By Bryan Beck
Earth Day is this Sunday! And the best way to spend it, is seeing the beautiful piece of Earth we have right here in Coyote Valley.
If you are traveling by car, Coyote Valley is really quite small. On 101, if traffic is moving well, you’ll pass through it in about 9 minutes. To see the valley better, take Santa Teresa Boulevard and Hale Avenue. They’re the same road –Santa Teresa north of Scheller Avenue, and Hale south of it. From there, you can easily reach many of the sites on the map.
If you enjoy bicycling, the 19-mile Coyote Creek Trail from Hellyer County Park south to the Anderson Lake Visitor Center is one of the Bay Area’s best cycling trails. It’s paved, flat, and scenic as you pass through much of Coyote Valley. You can also take side trips from it to many of the locations on the map. Most of the Coyote Valley roads are rural with light traffic. Exceptions are Monterey Road and Santa Teresa/Hale in commute hours.
To the west, the Sierra Azul open space preserve and surrounding areas have several popular (and challenging) roads for cycling. If you’re looking for a maximum challenge, there’s the 7.1 mile climb of Hicks and Mt. Umunhum roads to the summit, with an average slope of 7.7% and one stretch of 18%.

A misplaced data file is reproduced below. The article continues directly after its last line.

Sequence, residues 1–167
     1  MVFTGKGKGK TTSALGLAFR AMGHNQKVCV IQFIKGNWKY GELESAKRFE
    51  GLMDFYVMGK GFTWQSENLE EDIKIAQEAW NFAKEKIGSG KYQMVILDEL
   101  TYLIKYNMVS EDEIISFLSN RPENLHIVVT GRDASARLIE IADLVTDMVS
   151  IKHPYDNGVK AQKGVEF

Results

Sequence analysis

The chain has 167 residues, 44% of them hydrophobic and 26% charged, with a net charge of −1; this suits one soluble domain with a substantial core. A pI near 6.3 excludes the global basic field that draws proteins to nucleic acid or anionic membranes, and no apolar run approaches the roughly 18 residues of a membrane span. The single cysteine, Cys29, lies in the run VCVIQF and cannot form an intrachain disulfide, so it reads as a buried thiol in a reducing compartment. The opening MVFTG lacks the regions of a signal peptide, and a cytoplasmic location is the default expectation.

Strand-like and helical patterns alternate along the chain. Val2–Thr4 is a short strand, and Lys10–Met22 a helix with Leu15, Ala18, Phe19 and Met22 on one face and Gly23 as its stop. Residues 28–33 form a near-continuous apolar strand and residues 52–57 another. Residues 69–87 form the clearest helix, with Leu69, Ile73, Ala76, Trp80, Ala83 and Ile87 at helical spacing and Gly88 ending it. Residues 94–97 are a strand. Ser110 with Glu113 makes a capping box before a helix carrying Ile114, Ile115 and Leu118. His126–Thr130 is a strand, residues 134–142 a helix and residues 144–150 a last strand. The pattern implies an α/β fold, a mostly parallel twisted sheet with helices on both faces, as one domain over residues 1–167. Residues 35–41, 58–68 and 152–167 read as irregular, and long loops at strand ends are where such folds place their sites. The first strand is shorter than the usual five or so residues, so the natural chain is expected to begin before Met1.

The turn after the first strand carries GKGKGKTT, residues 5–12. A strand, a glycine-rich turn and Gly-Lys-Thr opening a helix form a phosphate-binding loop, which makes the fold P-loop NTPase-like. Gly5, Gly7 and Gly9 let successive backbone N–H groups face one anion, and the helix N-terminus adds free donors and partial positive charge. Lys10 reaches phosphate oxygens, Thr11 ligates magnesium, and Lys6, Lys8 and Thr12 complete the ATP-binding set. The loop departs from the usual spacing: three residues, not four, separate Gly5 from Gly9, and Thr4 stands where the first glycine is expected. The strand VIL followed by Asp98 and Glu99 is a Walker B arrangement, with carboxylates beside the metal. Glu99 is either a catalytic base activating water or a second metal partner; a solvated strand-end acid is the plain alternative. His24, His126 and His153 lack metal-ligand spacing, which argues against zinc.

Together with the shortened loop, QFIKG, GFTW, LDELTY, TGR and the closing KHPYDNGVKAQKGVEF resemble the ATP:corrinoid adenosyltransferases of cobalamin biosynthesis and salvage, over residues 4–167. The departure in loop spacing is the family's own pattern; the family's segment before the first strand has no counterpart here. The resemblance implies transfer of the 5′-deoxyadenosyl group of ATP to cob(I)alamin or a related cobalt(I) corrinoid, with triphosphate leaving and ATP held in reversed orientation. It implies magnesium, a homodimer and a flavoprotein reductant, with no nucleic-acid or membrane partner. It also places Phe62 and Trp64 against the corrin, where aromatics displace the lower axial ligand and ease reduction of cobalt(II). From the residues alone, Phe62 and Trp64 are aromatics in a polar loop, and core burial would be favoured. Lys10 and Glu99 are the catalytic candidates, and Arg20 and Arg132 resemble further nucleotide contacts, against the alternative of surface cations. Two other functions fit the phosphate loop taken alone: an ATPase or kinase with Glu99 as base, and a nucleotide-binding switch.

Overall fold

Some places to stop:
- Spina Farm Stand, at Bailey and Santa Teresa — by bike, a great rest stop with food and drinks available. By car, a great place to buy fresh farm products.
- Ogier Ponds — in the right season, can have great bird watching. The bike path goes right by it. Access by car may be restricted, depending on the state of repairs following the 2017 storms.
- Coyote Valley Open Space Preserve, at the western end of Palm Avenue — trails are open to hikers, equestrians, and bicycles. You’ll need a mountain bike here, as the steep unpaved trails are not suited to road bikes.
- Coyote Ranch — on Coyote Ranch Road, a little south of Metcalf. The bike path goes right by it. An old ranch, it is now used as an event venue. The Committee for Green Foothills had our 2017 Nature’s Inspiration event here.
If you want to see more of Coyote Valley, make sure to visit our Interactive Map!
Make a difference.
Teach your kids that they can make a difference. We’ve got plenty of opportunities for families to spread the wordabout the importance of protecting Coyote Valley. All volunteers receive a free t-shirt and hat!
We invite you to explore everything Coyote Valley has to offer to people of all ages. Enjoy this regional treasure — it’s your open space!